David Murphy (born 1983, Newcastle upon Tyne) studied at Newcastle College and Glasgow School of Art. Recent exhibitions include: Jerwood Drawing Prize (2010); Almost Island, TAP, Southend on Sea (2011); Anschlüssel, Fruehsorge Contemporary Drawings, Berlin (2011); Aggregate!, E:vent Gallery, London (2011), Young English Sculptors, Fundaziun Not Vital, Switzerland (2012); Zeichnung ohne Zeichnung, Christian Ehrentraut, Berlin (2013); and New Basics, Galleria Monica de Cardenas, Zuoz, Switzerland (2013). He was artist in residence at M4 Gastatelier, Amsterdam, Netherlands (2010), Edinburgh Sculpture Workshop, Scotland (2010), and Atelier Concorde, Lisbon, Portugal (2012). He will be artist in residence at Yorkshire Sculpture Park (April-June 2014). He is represented by Galleria Monica de Cardenas in Milan and Zuoz and lives and works in London.


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Steve Hurtado


Steve Hurtado, China, 2011, wood, plaster, filler, spraypaint, 32.5 x 32 x 55 cm. Private Collection.


Steve Hurtado, Russia, 2012, Wood and glue, 110 x 55 x 60 cm. Courtesy the Artist.

Steve Hurtado (b. 1979) is a British artist with Bolivian parents. Hurtado makes sculptures that are related to monolithic buildings and communal spaces, using wood and concrete blocks. He makes beautiful drawings that refer to details of these fantastical spaces, as well as overviews of vast projects. Hurtado’s work over the past three years consists of two series. First came the Bunker series: a number of small sculptures that draw from the architectural tradition of maquettes. They are named after (or for) different countries (such as Syria, China, Great Britain and Russia). These carved wooden ‘bunkers’ are painted with many layers of car body filler and paint to create an ambiguous surface that resembles matt plastic or powder-coated metal. The wooden structures sit on plaster ‘hills’, which rest on an unpainted wooden base. Hurtado’s interest in bunkers is rooted in a deep fascination, and concern, regarding the political state of the world, and the secrecy surrounding military operations and surveillance – even in the broader, everyday sense of the latter.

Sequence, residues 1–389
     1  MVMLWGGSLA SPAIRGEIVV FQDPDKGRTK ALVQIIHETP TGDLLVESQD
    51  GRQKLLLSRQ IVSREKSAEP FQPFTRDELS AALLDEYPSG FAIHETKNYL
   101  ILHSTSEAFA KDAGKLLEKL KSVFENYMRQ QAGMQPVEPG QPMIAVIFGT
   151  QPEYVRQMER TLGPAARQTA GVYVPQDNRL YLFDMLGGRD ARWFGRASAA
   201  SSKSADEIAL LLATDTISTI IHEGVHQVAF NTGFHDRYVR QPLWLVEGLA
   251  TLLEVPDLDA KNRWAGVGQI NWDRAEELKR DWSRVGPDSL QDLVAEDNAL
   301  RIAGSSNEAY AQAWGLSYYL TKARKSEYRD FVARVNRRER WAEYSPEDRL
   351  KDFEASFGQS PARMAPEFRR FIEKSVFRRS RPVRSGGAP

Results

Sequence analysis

Following the Bunker series, Hurtado began exploring the idea of stadiums when ‘Olympic fever’ swept through London, on the street as well as in the national press, about the designs and chosen architects. The Olympics penetrated, and therefore democratized, an arena of discussion usually reserved for a small, academic elite. Hurtado’s Stadium series reveals a pivotal moment in his technique and intellectual relationship with materials, as he shifted from wood to concrete blocks, which are carved and attached to one another with construction rebars. Indeed, the considered use of multiple materials adds depth to the work, without being anything less than essential.